High crime rates found among high school graduates in West Sweden
Last Updated: 2017-09-07 09:41 | Xinhua
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An investigative news program on Swedish Television has found that there are high crime rates among male high school graduates in a socially excluded area of Gothenburg, Sweden's second largest city that lies west of Stockholm.

The investigation charted conviction rates among 645 males who graduated from five upper-secondary schools in Gothenburg's Hisingen suburb between 2011 and 2015. In other words, pupils who have completed their compulsory education, which runs up until year nine in Sweden.

Most of the crimes involve narcotics, physical assault and unlawful driving. However, some of the former pupils have also been convicted for more serious crimes like rape, severe weapons crimes and murder.

In the case of one school, Sjumilaskolan, 26 percent of former male pupils appear in Sweden's criminal records register. For the other four schools, the figure is 24, 16, 13 and five percent.

Reacting to the reporters' findings, Sweden's minister for policy coordination, Ibrahim Baylan, was quoted by Swedish Television as saying: "These guys are wasting their lives and ruining things for themselves and for others by behaving in this manner."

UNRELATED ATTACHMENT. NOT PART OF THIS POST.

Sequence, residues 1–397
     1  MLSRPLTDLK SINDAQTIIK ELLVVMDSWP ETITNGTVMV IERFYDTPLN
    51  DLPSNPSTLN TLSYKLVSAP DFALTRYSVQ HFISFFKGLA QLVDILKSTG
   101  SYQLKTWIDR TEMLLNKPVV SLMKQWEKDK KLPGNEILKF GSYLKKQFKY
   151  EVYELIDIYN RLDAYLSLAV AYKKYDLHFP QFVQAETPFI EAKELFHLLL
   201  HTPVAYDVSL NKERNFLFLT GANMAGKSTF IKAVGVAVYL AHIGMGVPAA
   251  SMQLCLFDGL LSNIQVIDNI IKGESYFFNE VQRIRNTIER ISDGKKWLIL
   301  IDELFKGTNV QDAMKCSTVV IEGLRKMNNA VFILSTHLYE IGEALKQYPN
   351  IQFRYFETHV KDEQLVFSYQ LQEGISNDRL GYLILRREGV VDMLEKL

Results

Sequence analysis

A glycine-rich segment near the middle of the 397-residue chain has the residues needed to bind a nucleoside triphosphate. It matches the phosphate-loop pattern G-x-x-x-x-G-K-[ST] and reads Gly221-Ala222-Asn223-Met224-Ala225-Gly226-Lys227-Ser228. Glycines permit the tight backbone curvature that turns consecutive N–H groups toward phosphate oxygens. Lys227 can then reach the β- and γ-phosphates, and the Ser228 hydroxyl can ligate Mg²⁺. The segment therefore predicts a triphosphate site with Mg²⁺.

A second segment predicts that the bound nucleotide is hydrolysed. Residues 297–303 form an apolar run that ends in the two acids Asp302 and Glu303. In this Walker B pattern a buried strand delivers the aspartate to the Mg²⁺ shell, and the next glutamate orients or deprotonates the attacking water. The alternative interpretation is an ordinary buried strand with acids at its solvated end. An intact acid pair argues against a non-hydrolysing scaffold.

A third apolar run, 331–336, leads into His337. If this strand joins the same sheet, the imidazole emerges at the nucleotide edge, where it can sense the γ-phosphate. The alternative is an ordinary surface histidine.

All five schools are located in the same municipality. Four of them are in Biskopsgarden, a suburb classified as a "particularly vulnerable area", while the fifth is in Torslanda, one of Gothenburg's most affluent areas.

Sjumilaskolan has a troublesome history. When representatives of the Swedish Schools Inspectorate visited the school in 2015, they found that teachers feared their pupils and did not dare to break up fights even when they thought the pupils might end up killing each other. Pupils also said they could not focus during lessons because of a chaotic atmosphere in the classrooms, Swedish Television reported.

While the Schools Inspectorate approved the municipality's plans for addressing the problems, the inspectorate's latest statement from June 2017 still outlines problems with bullying and harassment.

The Municipality of Gothenburg now has until Oct. 31 to guarantee pupils' safety, according to Swedish Television, which has also reached out to the school principal for a comment.

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